That means the winner gets into the Masters, and only four players in the field already are eligible for Augusta National in April. The 132-man field started with only 126 players because of so many withdrawals, some by players who rarely play anymore.

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England’s perfect World Cup qualifying run ended by late Poland equalizer

Poland scored a stoppage-time equalizer to bring an end to England’s perfect start to World Cup qualification and secure an important 1-1 draw in Warsaw.

Gareth Southgate’s side, who lost the Euro 2020 final to Italy on penalties in July, had won their opening five matches in Group I.

Harry Kane’s long-range effort in the 72nd minute had them on course to extend that to six games before Damian Szymanski struck in the 92nd minute to earn Poland an unlikely draw.

“An amazing feeling. I’m glad we managed to score that goal in the last minutes. I’m happy,” Symanszki said. “I’ve worked hard for this, struggled with injuries. To play against England, to score a goal, it’s a dream come true.”

This was England’s toughest test in Group I so far with Poland set up to frustrate through defensive play and gamesmanship but the visitors looked set to come through and take a big step towards next year’s World Cup finals.

England’s efforts were frustrated in the opening 45 minutes as they failed to trouble Wojciech Szczesny in goal for Poland.

The hosts’ main threat, Robert Lewandowski, meanwhile, was restricted to one half-chance, which was tidily dealt with by Jordan Pickford.

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A fast-paced but uneventful first-half burst into life just as the referee whistled for half-time with England and Poland players coming together.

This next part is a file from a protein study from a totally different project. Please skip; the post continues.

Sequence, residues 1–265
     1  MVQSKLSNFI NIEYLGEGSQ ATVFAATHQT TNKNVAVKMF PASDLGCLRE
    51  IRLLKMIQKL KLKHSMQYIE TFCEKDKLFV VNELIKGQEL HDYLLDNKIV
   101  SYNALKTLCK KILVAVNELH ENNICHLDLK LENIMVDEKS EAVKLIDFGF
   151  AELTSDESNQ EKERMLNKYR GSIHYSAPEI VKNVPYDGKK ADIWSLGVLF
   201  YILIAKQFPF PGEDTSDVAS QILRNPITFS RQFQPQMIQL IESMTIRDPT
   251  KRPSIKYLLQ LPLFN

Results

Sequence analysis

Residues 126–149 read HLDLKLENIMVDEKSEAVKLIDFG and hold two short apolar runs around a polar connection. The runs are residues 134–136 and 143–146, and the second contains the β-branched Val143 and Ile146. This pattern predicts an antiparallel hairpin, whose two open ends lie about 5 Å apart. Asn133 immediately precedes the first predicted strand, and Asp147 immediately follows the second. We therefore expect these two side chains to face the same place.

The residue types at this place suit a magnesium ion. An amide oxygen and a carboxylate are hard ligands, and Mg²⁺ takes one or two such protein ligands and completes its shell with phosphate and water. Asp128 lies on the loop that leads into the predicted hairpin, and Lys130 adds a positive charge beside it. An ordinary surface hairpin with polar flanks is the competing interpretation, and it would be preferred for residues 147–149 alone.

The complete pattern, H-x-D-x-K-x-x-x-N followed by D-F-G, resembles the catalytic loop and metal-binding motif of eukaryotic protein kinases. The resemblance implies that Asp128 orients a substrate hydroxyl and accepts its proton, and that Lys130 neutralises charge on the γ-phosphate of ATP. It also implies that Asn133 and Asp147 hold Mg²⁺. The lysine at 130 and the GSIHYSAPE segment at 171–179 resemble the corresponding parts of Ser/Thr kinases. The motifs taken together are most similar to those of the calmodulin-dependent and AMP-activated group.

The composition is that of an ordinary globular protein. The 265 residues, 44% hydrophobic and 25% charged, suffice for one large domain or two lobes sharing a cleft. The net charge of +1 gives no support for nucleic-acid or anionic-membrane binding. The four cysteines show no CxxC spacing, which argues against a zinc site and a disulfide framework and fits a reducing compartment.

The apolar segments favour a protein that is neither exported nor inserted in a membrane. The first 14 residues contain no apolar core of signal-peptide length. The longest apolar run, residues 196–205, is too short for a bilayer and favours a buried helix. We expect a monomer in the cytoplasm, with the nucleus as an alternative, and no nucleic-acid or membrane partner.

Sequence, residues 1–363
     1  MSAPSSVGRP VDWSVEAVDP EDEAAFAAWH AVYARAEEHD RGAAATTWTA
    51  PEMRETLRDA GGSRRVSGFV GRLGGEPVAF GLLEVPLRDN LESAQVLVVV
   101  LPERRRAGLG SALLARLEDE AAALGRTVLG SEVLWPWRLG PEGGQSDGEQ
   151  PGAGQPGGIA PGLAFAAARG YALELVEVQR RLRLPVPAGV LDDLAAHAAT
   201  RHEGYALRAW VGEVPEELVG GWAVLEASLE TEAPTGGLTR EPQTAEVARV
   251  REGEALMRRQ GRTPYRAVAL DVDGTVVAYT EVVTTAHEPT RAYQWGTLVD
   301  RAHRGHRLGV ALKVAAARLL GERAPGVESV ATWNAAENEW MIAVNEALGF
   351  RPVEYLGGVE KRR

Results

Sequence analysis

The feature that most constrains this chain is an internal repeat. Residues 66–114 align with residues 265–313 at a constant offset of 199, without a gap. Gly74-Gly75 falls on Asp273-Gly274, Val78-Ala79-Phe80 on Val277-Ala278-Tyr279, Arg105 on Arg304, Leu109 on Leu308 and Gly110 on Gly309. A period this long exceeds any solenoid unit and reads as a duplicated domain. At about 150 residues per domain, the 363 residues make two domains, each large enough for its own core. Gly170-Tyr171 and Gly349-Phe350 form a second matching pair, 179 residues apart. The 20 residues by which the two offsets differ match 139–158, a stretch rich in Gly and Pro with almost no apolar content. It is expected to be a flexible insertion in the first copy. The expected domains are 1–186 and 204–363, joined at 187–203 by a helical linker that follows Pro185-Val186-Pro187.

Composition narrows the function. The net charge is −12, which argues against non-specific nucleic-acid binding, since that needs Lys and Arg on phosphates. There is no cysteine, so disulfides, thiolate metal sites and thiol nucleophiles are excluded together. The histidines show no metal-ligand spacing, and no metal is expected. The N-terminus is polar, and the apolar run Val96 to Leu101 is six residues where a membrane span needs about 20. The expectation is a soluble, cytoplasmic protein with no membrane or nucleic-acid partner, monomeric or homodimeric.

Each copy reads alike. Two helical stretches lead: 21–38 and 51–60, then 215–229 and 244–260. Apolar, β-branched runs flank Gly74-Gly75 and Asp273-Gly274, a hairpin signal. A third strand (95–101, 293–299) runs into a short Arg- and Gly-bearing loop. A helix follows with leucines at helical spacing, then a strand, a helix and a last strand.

Harry Maguire appeared incensed about something, while Poland defender Kamil Glik was called back by the referee as he tried to leave the pitch. Eventually things settled down and both players were cautioned.

There was an incident just before half-time which has been reported to the FA guys,” Kane said postmatch. “They’re taking care of it and investigating it and we’ll go from there. Allegedly it was something that was done, not said. We haven’t chance to look at the footage and talk to the lad.”

England stepped things up after the break with Jack Grealish and Raheem Sterling troubling the Poland rearguard but, again, without really causing Szczesny too much cause for concern.

That was until the 72nd minute when Kane’s powerful, swerving shot flew past the former Arsenal goalkeeper from 32 yards out to put England in front.

It was the 15th consecutive qualifier, for Euros and World Cup, in which Kane has scored and it looked to have brought a sixth straight victory in this campaign.

England have 16 points from six games with Albania second on 12 points, Poland on 11 and Hungary on 10 points. The top team in the group qualifies for next year’s World Cup in Qatar with the second place team heading into the playoffs.